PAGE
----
Bargain Hunt

PUBLISHED: 15:04 22 October 2007 | UPDATED: 14:54 20 February 2013

Bargain Hunt

Bargain Hunt

You can plonk the girl in the country but it will be with ruthless London stealth that I'll soon be plotting and scheming in the countdown to the January sales, just 65 shopping days away! Karen Daniel continues her tales from Wedmore, and there's...

Certain reporting assignments you never forget - South Armagh, the Bay City Rollers' first Welsh gig, Roland Rat quitting GMTV - they're all there, dusty with age and re-reading in the scrapbook of my psyche. But the one that became lodged (and remains) front of mind, was that glorious morning I covered the first day of Harrods' sale. It all comes back to me in the oddest places - at busy airports, in crowded shopping centres, in my worst nightmares. There's something about the mentality of the mob when confronted with a sale on this epic scale. It's a potent blend of warm-hearted internationalism and interracial mateyness, coupled with the adrenalin rush that comes with knowing that somewhere behind those doors sits a pair of Jimmy Choos/cashmere swagger coat/plasma-screen telly, with your name on it. It was like the Normandy landings without the camaraderie, and I was reminded of it again in the village only two weeks ago.

Walking up the lane I saw it - a neatly tied fly-poster advertising 'large house clearance 10am-4pm Saturday'. I stiffened, I am told by my husband, like an animal scenting blood and for the next three days planned/worried/ schemed as to tactics, arrival time, etc.

Having visited the house in question on a previous occasion I had spotted a rather nice fender as well as several good pictures. Moreover, I learned in the hardest school there is - Knightsbridge SW3 - that the spoils go to She Who Plans Ahead. And boy, did I plan ahead.

On the morning of said sale, I was third in the queue. It was a magnificent house with a beautiful garden and many people had their eyes on some lovely outdoor artefacts. The doors opened and in we surged. Within minutes the place reassembled that Bruegel painting of the sacking of Rome. I scented quarry in the first room on the left and sure enough, there it was. A lovely still life in oils of a kitchen table groaning with food. I grabbed it and ran, forcing my way through a hideous bottleneck in the hall, to my fender. It was, I'm ashamed to say, an appalling scene.

Both items now grace my home and give me so much pleasure that the sense of shame I always feel after behaving like a Visigoth on an away day at any kind of retail outlet is subsumed by self-congratulation.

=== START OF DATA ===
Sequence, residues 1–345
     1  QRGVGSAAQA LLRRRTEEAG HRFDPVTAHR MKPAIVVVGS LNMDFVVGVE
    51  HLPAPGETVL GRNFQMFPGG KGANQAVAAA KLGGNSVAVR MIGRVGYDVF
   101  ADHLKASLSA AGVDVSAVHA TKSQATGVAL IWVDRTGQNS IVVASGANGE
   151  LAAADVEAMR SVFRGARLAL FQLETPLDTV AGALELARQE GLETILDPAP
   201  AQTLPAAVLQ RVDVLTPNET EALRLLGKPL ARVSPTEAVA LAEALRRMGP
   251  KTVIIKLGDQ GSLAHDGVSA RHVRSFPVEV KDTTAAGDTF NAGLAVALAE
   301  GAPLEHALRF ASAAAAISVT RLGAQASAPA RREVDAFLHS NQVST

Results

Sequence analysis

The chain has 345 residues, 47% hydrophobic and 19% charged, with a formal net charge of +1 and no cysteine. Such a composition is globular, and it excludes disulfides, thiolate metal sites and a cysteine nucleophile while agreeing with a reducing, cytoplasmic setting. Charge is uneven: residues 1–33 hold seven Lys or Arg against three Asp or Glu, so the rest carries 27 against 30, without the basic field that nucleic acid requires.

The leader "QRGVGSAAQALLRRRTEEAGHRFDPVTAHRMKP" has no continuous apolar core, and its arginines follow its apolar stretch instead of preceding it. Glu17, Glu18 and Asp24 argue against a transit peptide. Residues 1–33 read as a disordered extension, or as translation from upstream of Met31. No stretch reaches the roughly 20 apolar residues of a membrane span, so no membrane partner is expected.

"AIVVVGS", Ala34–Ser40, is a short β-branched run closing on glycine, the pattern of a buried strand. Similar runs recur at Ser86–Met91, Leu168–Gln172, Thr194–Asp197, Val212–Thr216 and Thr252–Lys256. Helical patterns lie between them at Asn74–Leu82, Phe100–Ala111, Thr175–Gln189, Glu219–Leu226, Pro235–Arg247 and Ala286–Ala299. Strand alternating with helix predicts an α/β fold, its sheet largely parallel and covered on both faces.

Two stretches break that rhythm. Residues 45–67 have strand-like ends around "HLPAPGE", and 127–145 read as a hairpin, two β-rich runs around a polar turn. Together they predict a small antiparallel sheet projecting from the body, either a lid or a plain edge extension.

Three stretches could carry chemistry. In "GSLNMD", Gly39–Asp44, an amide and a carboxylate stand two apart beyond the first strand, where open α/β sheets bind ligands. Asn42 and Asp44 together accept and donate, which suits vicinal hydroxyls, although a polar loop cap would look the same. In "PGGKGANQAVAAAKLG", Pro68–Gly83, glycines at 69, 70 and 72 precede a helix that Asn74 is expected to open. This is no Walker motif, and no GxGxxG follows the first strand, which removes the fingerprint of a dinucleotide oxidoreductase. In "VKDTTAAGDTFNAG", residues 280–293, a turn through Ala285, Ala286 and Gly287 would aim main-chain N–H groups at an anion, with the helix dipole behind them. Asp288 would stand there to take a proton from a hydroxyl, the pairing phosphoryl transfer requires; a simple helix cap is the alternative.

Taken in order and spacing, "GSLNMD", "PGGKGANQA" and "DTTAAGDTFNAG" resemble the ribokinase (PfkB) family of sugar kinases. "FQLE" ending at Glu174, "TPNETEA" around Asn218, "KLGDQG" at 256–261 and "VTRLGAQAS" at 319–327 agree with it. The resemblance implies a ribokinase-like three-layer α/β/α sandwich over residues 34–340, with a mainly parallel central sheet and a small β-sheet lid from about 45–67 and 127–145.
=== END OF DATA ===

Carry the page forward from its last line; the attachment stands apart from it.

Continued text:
Few things, however, have given me more pleasure than this year's influx of dragonflies. They circle my courtyard like tiny, iridescent helicopters and I cannot get enough of them. The hedgerows have been filled with lush, sweet blackberries and my young friend Daniel, one of Wedmore's master blackberry pickers, placed me on his priority distribution list.

Wedmore Harvest Home came and went, with much good food and company, and everyone had a ball. Red meat, in many forms, is the centrepiece of the lunch and we ate it until, like Homer Simpson, our sinuses reached bursting point. As the afternoon sun emerged, everyone waddled to the bar as quickly as their varying degrees of stomach overload allowed, and lounged like overfed pythons in the setting sun.

This week saw the first meeting of the Wedmore Theatre Club's 'Under Milk Wood' team, of which I am delighted and gratified to be a member. The Byzantine logistical feat, which its directors have already accomplished in terms of rehearsal organisation, casting, scene-blocking and staging arrangements, would do credit to a West End production, and if flair and application have anything to do with it, this production, in the club's 30th year, will be its finest to date. Our Welsh dialogue coach conducts two sessions next week - I can hardly wait.

The mythical town at the epicentre of 'Under Milk Wood' is a seething hotbed of misunderstandings, squabbles, venality, greed, lust, laughter, comradeship, tears and envy - just like the Harrods sale! You see, darlings, there's no getting away from it...

'Under Milk Wood' runs at Wedmore Village Hall from 28 November until 1 December. Tickets can be purchased either from Jendy Weekes, Rhyneside, Grange Paddock, Mark, TA9 4RW, tel 01278 641370 or The Paper Shop, Wedmore, tel 01934 712545.


Wedmore Theatre Club

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